33. https://ngrok.com/ – Secure tunnels to localhost
    34. Tool for in-depth analysis of USB HID devices communication
    35. An Illustrated Guide to the Kaminsky DNS Vulnerability
    36. Spear Phishing 101
    37. What is setiud, setgid and sticky bit in Linux?
    38. Set up your own malware analysis lab with VirtualBox, INetSim and Burp
    39. Step by step Metasploit walkthrough
    40. Linux Bridge – how it works
    41. SSH Check
    42. Shutit – An automation tool that models a user’s actions on a terminal.
    43. Phishing With a Rogue Wi-Fi Access Point
    44. Fuzzing proprietary protocols with Scapy, radamsa and a handful of PCAPs
    45. WiFi-Pumpkin[Github Repo] Framework for Rogue Wi-Fi Access Point Attack
    46. https://stackhackr.barkly.com/ – Creating your own malware in 5 minutes or less.
    47. Writing a Simple Operating System — from Scratch [PDF]

How to create HTTPS proxy in apache

Some times you might need https to securely send data to an API(Or access website), but the API might not officially support https or it could be some other reasons will  stick to HTTP which is insecure. I also encountered similar situation, I used TSDB to store time series date, but the TSDB supports only http , but not https. So, I decided to put a HTTPS proxy in front of original API. Since I don’t have much knowledge on apache, after a long Internet search, I finally found the solution and I just want to share

The Scenario

Scenario

Continue reading “How to create HTTPS proxy in apache”

GNU screen commands(Cheat Sheet)

GNU Screen is a terminal multiplexer, a software application that can be used to multiplex several virtual consoles, allowing a user to access multiple separate login sessions inside a single terminal window, or detach and reattach sessions from a terminal. It is useful for dealing with multiple programs from a command line interface, and for separating programs from the session of the Unix shell that started the program, particularly so a remote process continues running even when the user is disconnected. [more]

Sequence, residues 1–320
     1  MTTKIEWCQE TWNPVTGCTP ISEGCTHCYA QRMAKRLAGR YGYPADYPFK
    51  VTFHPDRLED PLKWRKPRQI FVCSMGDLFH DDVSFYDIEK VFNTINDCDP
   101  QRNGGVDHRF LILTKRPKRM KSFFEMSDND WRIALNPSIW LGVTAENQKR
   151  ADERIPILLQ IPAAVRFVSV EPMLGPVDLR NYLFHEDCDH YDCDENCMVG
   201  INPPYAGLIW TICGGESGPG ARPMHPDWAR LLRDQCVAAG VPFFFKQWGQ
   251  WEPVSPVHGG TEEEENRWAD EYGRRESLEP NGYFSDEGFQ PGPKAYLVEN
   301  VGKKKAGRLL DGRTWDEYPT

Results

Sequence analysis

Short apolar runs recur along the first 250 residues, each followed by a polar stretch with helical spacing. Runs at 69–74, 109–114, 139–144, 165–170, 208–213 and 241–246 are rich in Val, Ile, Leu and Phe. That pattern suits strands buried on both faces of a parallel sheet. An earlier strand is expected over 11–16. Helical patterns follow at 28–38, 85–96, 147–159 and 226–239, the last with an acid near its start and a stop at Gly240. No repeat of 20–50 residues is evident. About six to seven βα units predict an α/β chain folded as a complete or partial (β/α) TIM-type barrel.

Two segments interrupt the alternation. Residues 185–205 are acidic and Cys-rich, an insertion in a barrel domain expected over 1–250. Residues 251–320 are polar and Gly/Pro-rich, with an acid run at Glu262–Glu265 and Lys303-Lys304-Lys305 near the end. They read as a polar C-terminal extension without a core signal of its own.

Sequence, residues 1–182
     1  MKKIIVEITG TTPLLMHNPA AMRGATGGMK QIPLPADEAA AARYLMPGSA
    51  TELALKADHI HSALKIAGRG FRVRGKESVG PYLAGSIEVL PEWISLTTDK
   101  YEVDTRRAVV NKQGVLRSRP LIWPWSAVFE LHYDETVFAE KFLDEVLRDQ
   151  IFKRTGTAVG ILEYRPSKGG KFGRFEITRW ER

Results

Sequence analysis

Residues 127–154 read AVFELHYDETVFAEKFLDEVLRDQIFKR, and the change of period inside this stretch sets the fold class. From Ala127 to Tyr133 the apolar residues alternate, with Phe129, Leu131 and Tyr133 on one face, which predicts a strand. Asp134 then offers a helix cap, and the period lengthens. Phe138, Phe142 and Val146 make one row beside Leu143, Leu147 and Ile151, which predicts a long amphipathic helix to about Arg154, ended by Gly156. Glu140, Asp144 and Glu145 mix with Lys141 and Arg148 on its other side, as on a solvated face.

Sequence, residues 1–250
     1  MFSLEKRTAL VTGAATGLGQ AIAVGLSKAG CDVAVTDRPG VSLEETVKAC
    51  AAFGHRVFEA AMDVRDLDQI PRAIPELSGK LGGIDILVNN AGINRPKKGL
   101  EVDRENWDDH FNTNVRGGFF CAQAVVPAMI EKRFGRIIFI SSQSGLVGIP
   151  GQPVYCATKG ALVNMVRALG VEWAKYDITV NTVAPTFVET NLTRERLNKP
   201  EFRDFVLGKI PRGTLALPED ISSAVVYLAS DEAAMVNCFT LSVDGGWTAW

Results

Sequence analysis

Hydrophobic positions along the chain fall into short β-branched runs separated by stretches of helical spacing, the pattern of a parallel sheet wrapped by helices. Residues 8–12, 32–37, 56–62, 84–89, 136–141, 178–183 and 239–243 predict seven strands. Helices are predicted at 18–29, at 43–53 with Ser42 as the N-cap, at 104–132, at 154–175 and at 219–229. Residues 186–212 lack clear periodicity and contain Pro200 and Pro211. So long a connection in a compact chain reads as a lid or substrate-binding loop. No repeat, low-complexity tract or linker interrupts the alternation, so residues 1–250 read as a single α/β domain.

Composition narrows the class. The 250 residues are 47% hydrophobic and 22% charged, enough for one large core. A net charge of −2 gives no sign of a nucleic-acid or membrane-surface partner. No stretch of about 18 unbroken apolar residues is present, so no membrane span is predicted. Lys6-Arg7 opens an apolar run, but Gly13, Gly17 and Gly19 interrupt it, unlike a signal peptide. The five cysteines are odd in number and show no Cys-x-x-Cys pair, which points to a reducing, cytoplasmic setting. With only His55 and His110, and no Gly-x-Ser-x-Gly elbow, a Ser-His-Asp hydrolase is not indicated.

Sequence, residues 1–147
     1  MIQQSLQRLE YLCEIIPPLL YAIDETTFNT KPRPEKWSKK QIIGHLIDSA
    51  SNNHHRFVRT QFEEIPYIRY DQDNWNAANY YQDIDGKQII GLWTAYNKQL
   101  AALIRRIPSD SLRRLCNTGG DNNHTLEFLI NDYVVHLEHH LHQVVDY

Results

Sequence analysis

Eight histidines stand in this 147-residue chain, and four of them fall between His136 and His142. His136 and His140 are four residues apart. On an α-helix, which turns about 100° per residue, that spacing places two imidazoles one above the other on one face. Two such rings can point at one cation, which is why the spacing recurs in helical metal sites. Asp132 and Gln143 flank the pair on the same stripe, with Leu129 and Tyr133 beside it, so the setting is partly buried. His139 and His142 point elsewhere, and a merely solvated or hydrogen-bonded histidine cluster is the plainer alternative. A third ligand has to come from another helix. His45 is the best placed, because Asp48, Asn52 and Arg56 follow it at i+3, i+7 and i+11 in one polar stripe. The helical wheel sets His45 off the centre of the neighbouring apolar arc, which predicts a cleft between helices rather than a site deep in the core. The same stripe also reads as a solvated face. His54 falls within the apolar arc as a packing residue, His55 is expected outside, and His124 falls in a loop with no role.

-Wikipedia

  • sudo apt-get install screen -y

Continue reading “GNU screen commands(Cheat Sheet)”

Automated Wifi De-authentication attack

A Wi-Fi deauthentication attack is a type of denial-of-service attack that targets communication between a user and a Wi-Fi wireless access point.

Wikipedia

As you can see, this type of attack is pretty powerful and difficult  to detect who is attacking. There are some tools for this attack like “aircrack-ng”(You can check the commands here).

So, basically the concept is the attacker broadcasts a wifi management “De-authentication” frame to victim’s to tell deauthenticate. It is like, “Hey client! can you please deauthenticate and authenticate”.  Then the client will reconnect to AP(Access Point). These type of frames are supposed to send by valid “AP” to its clients, but the attacker can mimic these frames and broadcasts in the network.

Continue reading “Automated Wifi De-authentication attack”

Install Python 3.5 in Ubuntu 14

Before installing Python 3.5, it is recommended to install build dependencies.So, run the following commands

sudo apt-get install build-essential checkinstall
sudo apt-get install libreadline-gplv2-dev libncursesw5-dev libssl-dev libsqlite3-dev tk-dev libgdbm-dev libc6-dev libbz2-dev

Now download the python 3.5 tar ball

wget https://www.python.org/ftp/python/3.5.0/Python-3.5.0.tgz

Extract and install Continue reading “Install Python 3.5 in Ubuntu 14”

Port Mirroring with iptables

I have tested in Ubuntu 14 (I don’t know about other distros). As you know, sometimes port mirroring is useful for monitoring the network traffic for intrusion detection system,Passive probing, etc. Basically, it sends a copy of packet to destination which was received on the interface(depends on your configuration). And again depends on your need, you can use Netflow also.

Continue reading “Port Mirroring with iptables”